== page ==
Autumn Glory

Published: 21st October 2015

Golden autumn colours of trees and bracken

Glorious autumn woodland colour

The great weather has continued well into October in Lochaber, but as the nights have become colder the leaves have started to turn, and the Highlands are now ablaze with colour. There are a surprising number of maples that have been planted up and down the roadsides and these have really stood out as the leaves have turned to orange and red, following in the wake of the rowans and cherries. Similarly, ash have gone a bright yellow, and although uncommon up here, have stood out against the birches and general background of oranges and browns. The oaks are now also changing colour, and have enlivened trips around the Ardnamurchan peninsula. In the garden of Glenloy Lodge leaves on the big copper beeches have turned from purple to red, and are pattering to the ground like raindrops. Out on the hills the last of the heather has turned from purple to brown, but the bracken still presents a range of colours from livid green through orange and gold to a withered brown, while the deer grass provides a background orange sheen. The bog asphodel, now normally long over, still retain their orange seed capsules to add to the scene. Lovely still days have produced fantastic reflections of woodland and mountains in the local lochs. This all provides a perfect backdrop for autumn wildlife watching in the West Highlands.

The autumnal equinox has also been accompanied by the usual spring tides. We have tried to take advantage of very low water to do a bit extra rockpooling and beach combing with guests. Samalaman beach is a great place for this and recently the sea

Sea potato or heart urchin

Sea potato or heart urchin

had retreated all the way past the island in the bay, leaving a sandscape covered with sand masons and a variety of worm casts. Angela was able to spot a heart urchin depression and I dug out the live urchin, its ’hairy’ feet undulating rather feebly in the air, which belies its ability to dig rapidly into the muddy sand. Elsewhere a pea crab was found, and in the rocks that would be normally covered,  a variety of other crabs, including a vicious-looking velvet swimming crab,  large, hairy spider crabs, a small marbled crab, a couple of edible crabs, numerous hermit crabs and the usual shore crabs. We also found a couple of squat lobsters, and were intrigued to see their escape mechanism; in which they shoot backward with their arms extended in front of them, resembling a squid or cuttlefish. Echinoderms included the pretty purple urchins, a number of common starfish, and some large brittlestars. A small bright yellow and white nudibranch was also found, along with a variety of anemones, shrimps and worms. Fish are always an attraction and mainly consisted of butterfish, gobies and a couple of impressive scorpion fish. The variety of marine life came as quite a surprise to this group of guests, even though they were not so keen on handling it themselves! We were also lucky enough to experience some very low tides along Loch Sunart, and were amazed to find the seabed carpeted with a layer of brittlestars – many thousands of these, all crawling over each other, many extending their arms upwards to filter detritus from the current. Amongst this mass of brittlestars were a number of other echinoderms including a large spiny starfish, some edible urchins and several common starfish. Fish could also be seen swimming over them all, including several young Pollock.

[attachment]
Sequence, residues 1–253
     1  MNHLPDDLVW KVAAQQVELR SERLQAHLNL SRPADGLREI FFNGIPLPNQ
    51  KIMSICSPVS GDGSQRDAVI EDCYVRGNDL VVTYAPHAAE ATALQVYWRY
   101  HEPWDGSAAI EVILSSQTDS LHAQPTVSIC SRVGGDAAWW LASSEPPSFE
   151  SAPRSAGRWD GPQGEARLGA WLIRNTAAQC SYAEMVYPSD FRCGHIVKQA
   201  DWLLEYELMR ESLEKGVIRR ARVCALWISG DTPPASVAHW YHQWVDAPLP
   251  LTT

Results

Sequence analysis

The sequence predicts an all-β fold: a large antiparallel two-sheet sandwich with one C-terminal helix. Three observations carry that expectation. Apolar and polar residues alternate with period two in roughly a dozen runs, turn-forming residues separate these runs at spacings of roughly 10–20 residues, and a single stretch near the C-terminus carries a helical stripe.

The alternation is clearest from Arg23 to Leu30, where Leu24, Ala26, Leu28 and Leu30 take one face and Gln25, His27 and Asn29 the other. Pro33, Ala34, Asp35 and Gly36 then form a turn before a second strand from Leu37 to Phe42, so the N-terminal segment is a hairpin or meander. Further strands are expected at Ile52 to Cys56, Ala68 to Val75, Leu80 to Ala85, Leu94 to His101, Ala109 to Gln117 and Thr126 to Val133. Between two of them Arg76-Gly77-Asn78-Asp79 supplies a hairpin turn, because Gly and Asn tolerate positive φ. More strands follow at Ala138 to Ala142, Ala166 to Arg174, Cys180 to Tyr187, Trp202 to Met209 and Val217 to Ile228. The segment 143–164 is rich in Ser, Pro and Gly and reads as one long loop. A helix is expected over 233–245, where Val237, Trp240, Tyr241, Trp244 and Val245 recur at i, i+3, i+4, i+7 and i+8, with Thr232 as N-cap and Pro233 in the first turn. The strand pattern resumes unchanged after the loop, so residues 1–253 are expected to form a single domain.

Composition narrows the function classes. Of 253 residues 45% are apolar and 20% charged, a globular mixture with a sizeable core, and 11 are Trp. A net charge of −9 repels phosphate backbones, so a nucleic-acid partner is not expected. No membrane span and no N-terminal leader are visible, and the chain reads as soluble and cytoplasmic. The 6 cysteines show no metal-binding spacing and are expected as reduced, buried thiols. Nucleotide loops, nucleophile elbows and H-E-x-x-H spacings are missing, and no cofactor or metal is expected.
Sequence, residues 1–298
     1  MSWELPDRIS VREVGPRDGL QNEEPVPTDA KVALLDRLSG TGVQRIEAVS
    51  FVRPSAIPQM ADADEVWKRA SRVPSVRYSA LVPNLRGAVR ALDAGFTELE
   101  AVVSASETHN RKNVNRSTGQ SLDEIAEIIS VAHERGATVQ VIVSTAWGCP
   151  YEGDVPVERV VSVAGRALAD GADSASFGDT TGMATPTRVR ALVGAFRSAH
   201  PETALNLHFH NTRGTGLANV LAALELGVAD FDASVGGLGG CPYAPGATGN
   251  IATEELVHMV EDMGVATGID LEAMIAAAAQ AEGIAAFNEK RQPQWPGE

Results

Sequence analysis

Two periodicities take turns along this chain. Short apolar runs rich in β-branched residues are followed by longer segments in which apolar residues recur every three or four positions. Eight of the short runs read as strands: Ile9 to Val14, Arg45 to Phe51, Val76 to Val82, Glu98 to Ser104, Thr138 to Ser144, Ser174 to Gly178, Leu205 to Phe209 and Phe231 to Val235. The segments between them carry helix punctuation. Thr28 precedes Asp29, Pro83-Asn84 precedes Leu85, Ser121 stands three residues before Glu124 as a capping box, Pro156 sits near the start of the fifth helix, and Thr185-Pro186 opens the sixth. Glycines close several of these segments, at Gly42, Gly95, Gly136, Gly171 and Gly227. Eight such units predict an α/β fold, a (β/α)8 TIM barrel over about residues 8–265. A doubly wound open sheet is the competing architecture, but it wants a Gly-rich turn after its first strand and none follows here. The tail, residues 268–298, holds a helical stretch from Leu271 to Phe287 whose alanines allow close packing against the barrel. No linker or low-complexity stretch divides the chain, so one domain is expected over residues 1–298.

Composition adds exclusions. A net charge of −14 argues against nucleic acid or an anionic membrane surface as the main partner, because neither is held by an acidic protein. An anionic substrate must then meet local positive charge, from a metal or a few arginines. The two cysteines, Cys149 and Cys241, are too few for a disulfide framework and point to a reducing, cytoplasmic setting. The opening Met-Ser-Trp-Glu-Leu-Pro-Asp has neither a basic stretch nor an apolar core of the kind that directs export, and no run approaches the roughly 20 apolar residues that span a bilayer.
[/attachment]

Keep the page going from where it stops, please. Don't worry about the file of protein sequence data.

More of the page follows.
In a recent trip I was surprised to see an otter feeding on pipefish, of which more than one seemed to be taken. These are particularly boney with not a lot of flesh and we wondered why this otter was bothering with them, although they may be particularly numerous in shallow water at this time of year. We had found several in a previous low-tide search of Loch Eil. Other mammal activity is becoming more visible (albeit our local badgers failed to show up when I took someone to see them!). The deer rut continues, and the stags are still roaring around the hills. The largest harem we found last week consisted of no less than 42 hinds, and a rather tired looking stag that was still confident enough to lie down and chew the cud a while. Roe deer are starting to come out of deep cover again following a lull after their rut, and a number of pairs were seen in fields by the canal. The Glenloy pine martens have continued to become even fluffier as their winter coats thicken. Three have been coming to feed at night, and have become increasingly competitive, rushing around like animated fur balls as they dash in to snatch tidbits.

The woods have been full of migrating redwings in the last few days, and these are busily feeding on both retained and fallen rowan berries. There only appears to be a few fieldfare amongst these. The number of goldcrest also seems to have swollen. Goldeneyes are starting to appear on the lochs, whilst the first of the season’s whooper swans have also arrived. Three greenshank were seen at the head of Loch Sunart, and as it has been a while since we have seen any there, we assume these must be passage birds. Raptors still provide plenty of interest, and the sea eagles, in particular have continued to show well. Look out for these in the vicinity of the Corran Ferry and the nearby part of Ardgour. Over the last month I have been pleased to see quite a few kestrels, but must conclude that most of these must be birds on the move, as we see very few during the breeding season. We had another view of a merlin, mobbing a buzzard, this time deep in the Ardnamurchan peninsula. Bird of the month, however was a ring-tailed hen harrier that quartered a hillside for at least 5 minutes, including a stop to perch on a rock. This was spotted whilst watching a pair of sea eagles, and was soon followed by a close view of a great northern diver, still largely in breeding plumage – welcome to Lochaber!